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Getting into a press conference should be a relatively simple task for members of the media. Well, not in San Diego County where one man, Detective Gary Hassen, a spokesperson for the San Diego Police Department, acts as the press-pass monitor with the authority to deny certain journalists and publications that he sees fit, or rather unfit.

Now, according to the North County Times, Hassen's reign as monitor is being questioned. Last week, a news outfit based in Connecticut, American News and Information Services, filed a lawsuit contesting the policy after a freelance videographer had his pass revoked.

But the videographer is not the only one who Hassen has rejected.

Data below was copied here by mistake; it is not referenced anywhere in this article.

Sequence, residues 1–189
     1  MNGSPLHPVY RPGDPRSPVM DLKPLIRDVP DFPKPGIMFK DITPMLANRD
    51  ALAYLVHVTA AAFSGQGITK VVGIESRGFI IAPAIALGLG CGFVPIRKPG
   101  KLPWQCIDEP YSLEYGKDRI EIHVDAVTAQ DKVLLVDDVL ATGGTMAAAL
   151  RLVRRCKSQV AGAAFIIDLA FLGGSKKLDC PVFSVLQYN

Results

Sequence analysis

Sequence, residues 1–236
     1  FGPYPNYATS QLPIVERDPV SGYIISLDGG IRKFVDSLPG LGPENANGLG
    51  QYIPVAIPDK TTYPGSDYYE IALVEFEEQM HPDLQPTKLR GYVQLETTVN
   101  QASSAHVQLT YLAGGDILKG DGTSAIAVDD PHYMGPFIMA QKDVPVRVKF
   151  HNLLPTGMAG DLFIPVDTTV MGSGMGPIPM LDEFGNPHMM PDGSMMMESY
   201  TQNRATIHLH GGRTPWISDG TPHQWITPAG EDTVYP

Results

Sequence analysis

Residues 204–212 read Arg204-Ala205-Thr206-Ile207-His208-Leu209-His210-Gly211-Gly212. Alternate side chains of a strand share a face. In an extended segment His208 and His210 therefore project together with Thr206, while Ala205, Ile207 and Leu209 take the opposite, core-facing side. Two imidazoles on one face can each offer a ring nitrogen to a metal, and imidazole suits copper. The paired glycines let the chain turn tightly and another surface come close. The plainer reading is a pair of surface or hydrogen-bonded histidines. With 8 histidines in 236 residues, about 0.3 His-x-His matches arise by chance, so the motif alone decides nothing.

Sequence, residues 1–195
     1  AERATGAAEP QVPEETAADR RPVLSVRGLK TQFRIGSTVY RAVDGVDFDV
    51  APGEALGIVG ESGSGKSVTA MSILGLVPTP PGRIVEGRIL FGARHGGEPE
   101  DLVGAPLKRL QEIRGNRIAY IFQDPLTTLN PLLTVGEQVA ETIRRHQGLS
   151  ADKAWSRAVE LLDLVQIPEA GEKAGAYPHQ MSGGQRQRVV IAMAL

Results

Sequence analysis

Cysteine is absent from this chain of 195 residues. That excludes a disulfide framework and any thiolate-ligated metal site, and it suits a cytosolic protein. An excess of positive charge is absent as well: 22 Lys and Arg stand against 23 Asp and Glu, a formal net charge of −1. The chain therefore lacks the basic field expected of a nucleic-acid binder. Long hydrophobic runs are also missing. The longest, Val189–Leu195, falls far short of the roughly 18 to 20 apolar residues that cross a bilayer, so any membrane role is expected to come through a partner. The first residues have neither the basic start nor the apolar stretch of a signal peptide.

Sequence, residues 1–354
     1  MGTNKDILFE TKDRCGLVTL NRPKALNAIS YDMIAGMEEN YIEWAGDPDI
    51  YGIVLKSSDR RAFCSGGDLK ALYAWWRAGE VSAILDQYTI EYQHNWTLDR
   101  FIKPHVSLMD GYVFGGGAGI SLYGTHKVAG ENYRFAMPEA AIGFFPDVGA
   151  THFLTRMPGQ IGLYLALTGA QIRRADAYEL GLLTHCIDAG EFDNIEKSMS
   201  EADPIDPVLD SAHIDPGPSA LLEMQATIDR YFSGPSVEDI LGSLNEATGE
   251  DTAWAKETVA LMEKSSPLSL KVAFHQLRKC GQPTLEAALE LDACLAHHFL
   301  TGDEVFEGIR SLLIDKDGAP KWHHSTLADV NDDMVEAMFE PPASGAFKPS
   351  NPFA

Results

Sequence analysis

This correspondent is also on the list of reporters not allowed into certain press conferences.

In August of last year, I sent an application for a press pass to Hassen so that I could attend a briefing by the San Diego County Sheriff's Department. In my application, I provided a link to hundreds of articles that I have written over a five-year span for The Reader as well as other publications.

With the deadline looming, I left a phone message for Hassen pleading with him to issue a pass and grant permission into the Sheriff's Department press conference.

Thinking the tone might ruin my chances, I sent the following email dated September 1, 2011:

"I was wondering if you have had a chance to look over my press card application, yet. I apologize for my previous emails on this and would really like to attend tomorrow's press conference. Could you please let me know the status, whenever you get a chance?"

Later that day Hassen sent the following email:

"Your application has been denied. In order to qualify, you must show a need to cross fire and police lines. Your material showed community interest, entertainment, etc."

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